Green Aphids

In Britain, there are over 500 species of aphids. While some are limited to one or two plant species, others have a broad range of plant hosts. Virtually any type of plant, including ornamentals, vegetables, fruits, greenhouse plants, and houseplants, can serve as a host for aphids.

The Green Aphid also known as the greenfly aphid and or rose aphid is a tiny but mighty garden pest. They are small sap-sucking insects and members of the superfamily Aphidoidea. These soft-bodied insects, measuring around 2-3mm in length as we shall see below are surprisingly common throughout the gardens of the UK and beyond.

Green Aphids: A Life Cycle

Here’s a closer look at their key features:


  • Pear-shaped body with long, slender antennae.
  • Typically bright green, although they can vary in colour to yellow, pink, or even red.
  • Look closely for two short tubes (cornicles) projecting from their rear end


  • Green aphids are opportunistic feeders, infesting a diverse range of plants. Think roses, beans, peas, lettuce, tomatoes, potatoes, peppers, and many more!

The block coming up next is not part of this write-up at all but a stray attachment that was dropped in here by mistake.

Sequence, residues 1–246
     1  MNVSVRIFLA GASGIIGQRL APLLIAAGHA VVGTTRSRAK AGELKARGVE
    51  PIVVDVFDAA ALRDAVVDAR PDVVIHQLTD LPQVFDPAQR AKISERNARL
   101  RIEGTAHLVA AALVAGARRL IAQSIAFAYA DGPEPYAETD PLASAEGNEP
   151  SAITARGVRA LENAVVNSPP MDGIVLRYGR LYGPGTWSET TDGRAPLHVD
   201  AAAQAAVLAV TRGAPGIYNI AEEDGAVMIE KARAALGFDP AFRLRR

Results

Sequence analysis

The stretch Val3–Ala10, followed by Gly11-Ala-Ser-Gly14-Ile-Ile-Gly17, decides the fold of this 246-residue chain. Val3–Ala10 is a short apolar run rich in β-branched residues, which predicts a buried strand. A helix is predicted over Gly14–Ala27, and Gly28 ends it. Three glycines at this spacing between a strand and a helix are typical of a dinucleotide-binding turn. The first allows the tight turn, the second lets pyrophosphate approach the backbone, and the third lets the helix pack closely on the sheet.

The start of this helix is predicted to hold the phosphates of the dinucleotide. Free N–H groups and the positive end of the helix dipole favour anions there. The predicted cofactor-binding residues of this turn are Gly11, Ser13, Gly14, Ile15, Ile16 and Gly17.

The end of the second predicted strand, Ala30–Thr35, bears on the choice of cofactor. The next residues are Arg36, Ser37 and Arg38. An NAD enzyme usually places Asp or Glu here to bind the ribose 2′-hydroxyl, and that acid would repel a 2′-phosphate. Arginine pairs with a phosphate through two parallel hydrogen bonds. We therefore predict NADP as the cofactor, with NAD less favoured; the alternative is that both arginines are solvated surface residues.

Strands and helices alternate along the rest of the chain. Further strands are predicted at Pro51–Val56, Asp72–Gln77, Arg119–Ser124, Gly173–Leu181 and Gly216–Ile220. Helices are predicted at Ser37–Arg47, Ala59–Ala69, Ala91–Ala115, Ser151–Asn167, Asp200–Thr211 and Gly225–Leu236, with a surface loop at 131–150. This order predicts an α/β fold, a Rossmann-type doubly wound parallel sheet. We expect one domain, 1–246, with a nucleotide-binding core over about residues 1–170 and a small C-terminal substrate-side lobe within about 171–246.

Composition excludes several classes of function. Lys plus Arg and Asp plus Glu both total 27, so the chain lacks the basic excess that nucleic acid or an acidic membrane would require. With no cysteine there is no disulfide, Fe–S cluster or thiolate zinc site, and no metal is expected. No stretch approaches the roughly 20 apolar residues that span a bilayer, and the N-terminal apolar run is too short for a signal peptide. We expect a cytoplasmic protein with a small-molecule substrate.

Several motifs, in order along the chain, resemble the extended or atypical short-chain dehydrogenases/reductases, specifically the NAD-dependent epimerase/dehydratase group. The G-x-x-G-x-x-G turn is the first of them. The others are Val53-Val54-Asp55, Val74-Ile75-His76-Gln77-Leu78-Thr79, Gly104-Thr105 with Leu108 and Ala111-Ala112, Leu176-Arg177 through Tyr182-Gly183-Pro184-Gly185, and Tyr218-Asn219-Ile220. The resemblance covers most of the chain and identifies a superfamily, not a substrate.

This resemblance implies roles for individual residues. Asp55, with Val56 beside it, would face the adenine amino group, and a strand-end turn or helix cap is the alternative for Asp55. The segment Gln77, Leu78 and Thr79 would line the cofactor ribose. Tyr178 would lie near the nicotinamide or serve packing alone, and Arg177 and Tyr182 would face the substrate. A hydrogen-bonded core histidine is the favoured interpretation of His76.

• They have a particular fondness for tender, succulent growth, often congregating on new leaves and buds.
  • You can find them both indoors and outdoors, so vigilance is key.


  • These pests don’t chew; they pierce plant tissues with their sharp mouthparts and suck out the nutritious sap.
  • They reproduce rapidly, forming large colonies that can quickly overwhelm your beloved plants.
  • Be warned, they leave behind a sticky calling card – honeydew. This sugary substance attracts other unwanted guests and encourages the growth of sooty mould, further harming your plants.
  • As if that wasn’t enough, green aphids can also act as disease carriers, spreading harmful pathogens among your greenery.

Additional Notes:

  • While wingless aphids are the norm, winged individuals can appear when populations get out of hand, allowing them to spread their mischief to new plants with ease.